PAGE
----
City Council passes ordinance limiting medical pot growing
May 04, 2005
K.C. Meadows, Ukiah Daily Journal
After a somewhat contentious public hearing in which council members were accused of being less than compassionate and medical marijuana growers were called greedy, the Ukiah City Council took the unprecedented step of deciding to regulate medical marijuana growing in the city limits.
The vote was unanimous.
It may be the strictest regulation by a city in the state where medical marijuana use and cultivation was made legal by the voters in 1996.
The urgency ordinance lasts 45 days and council members said they believed it was necessary to act immediately even as the city's Planning Commission continues to work on a permanent growing scheme of some kind.
The idea of an ordinance stems from last year's marijuana harvest season during which local residents complained that the unabashed marijuana growing in the city was creating odor and safety problems. At least two violent incidents were blamed on attempted marijuana thefts.
The urgency ordinance would require anyone growing medical marijuana to limit themselves to six plants which must be grown indoors either in the home or in a fully enclosed structure or greenhouse.
At Wednesday's public hearing, medical marijuana advocates who spoke outnumbered ordinance proponents 16 to 4.
Most of those opposed said there was no urgency to move forward and that for medical marijuana patients, growing indoors is too cumbersome and expensive.
Some discussed their own or partners' illnesses, others stressed the rights of patients and care givers under Prop. 215 which they believed were unassailable. And they warned any limits would be fought in court.
'Potheads!' called out one women who couldn't restrain herself.
Mayor Mark Ashiku had to repeatedly remind members of the audience to be polite to one another, including some who tried to debate the council from the audience during their deliberations.
Dr. Peter Keegan, a well known advocate of medical marijuana accused the council of being unconcerned about the patients.
'To you, everybody who grows marijuana is a drug dealer,' he said, adding that there are already laws on the books which can charge and punish people who are illegally growing marijuana. He said regulating legitimate growing just punishes patients.
The four Ukiah residents who spoke in favor of the ordinance said they felt unsafe in their neighborhoods and held hostage to the marijuana gardens. They also said they did not believe that so much marijuana growing was being done on behalf of legitimate patients.
'I'm afraid we've got an epidemic (of sick people) going on in Ukiah,' one woman said.
After the public had its say, council members tried to vocalize their own feelings about the controversial issue.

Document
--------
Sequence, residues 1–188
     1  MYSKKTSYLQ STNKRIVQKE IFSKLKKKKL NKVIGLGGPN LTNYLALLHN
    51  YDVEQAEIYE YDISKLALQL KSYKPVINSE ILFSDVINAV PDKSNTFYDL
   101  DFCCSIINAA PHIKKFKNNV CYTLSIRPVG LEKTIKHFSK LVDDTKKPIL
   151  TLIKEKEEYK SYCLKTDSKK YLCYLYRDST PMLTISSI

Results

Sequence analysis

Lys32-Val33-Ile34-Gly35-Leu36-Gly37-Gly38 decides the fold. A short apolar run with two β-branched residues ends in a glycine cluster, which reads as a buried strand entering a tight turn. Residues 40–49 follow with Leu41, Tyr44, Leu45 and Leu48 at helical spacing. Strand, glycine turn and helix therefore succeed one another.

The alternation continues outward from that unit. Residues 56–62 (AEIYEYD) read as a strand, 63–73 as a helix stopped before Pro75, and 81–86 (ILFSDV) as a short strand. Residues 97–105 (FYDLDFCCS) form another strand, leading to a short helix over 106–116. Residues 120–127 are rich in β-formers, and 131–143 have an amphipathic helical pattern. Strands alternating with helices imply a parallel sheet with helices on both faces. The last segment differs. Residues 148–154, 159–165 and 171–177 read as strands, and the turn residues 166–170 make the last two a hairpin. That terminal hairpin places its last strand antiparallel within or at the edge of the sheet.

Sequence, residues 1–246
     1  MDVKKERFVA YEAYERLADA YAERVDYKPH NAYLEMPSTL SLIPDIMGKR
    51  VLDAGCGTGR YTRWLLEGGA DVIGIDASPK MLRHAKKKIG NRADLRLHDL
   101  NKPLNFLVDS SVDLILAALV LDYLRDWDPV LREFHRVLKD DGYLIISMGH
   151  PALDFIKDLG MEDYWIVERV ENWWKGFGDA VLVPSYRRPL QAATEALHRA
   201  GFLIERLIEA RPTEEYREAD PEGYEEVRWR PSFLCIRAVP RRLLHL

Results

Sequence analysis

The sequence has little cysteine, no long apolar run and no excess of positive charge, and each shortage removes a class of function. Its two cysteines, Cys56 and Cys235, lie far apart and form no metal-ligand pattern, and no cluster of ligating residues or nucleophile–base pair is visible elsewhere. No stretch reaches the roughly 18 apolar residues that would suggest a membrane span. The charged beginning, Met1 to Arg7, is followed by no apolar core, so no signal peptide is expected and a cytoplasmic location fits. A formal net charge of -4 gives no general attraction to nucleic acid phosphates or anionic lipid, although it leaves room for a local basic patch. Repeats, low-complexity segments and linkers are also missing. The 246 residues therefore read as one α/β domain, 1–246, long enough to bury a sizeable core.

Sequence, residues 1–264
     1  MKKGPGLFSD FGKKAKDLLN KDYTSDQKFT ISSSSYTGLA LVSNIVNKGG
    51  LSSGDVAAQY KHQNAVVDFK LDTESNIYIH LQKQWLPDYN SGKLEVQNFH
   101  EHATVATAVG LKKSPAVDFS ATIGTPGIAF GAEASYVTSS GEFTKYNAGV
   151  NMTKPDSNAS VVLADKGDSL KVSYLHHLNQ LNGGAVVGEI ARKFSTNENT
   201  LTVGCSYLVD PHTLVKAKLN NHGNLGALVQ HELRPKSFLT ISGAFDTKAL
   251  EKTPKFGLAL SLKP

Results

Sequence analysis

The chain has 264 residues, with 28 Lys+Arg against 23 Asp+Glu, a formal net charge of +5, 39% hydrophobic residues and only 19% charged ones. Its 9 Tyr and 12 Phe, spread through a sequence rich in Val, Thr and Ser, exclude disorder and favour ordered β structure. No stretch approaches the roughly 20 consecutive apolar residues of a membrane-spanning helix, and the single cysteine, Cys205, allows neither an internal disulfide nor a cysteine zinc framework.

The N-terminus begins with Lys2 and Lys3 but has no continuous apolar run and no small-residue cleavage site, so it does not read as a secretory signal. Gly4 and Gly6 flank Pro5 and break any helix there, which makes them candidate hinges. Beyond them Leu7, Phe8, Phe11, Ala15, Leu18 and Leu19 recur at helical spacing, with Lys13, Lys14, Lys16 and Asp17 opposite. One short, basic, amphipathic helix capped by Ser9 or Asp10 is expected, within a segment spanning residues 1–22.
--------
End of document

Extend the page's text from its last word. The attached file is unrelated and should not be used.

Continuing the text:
Councilman Phil Baldwin, considered one of the most liberal members of the council, nonetheless said the greed involved in marijuana growing turned him toward regulation.
He said many advocates for medical marijuana were hypocritical and just wanted to see the status quo continue.
'They want the ability to make a profit,' he said.
Baldwin believes in legalizing marijuana to end the profit in it for anyone, and he said medical marijuana advocates have turned away from legalization because Prop. 215 growing has made it quasi-legal while keeping prices high enough for them to continue to make money dealing.
Baldwin also said he believed that marijuana growing in general was not a good urban activity and should be relegated to agricultural areas.
Councilman John McCowen said that medical marijuana advocates brought regulation on themselves and that if they had done a better job of helping police illegal growing in the name of Prop. 215, ordinances such as this one would be unnecessary.
He read the definition of care giver from the Prop. 215 law and noted it was someone closely involved in the patient's daily care and not simply someone who 'just happened to grow a really good crop.'
McCowen said he believes medical marijuana patients can get pot fairly easily and cheaply from a wide variety of compassionate people in the community and that the ordinance would not limit their access to it.
Councilwomen Mari Rodin said she agreed with McCowen, Councilman Doug Crane had no comment and Ashiku said he felt the council needed to do something to protect the citizens and that the urgency ordinance was a temporary measure while a permanent solution is being worked out by the Planning Commission with advocate groups like NORML, Medical Marijuana Patients Union and the United Medical Caregivers Clinic. Those groups have come up with a proposal to regulate medical marijuana growing in Ukiah based largely on creating a community pot garden and setting up an city advisory committee to handle ongoing issues or complaints about medical marijuana.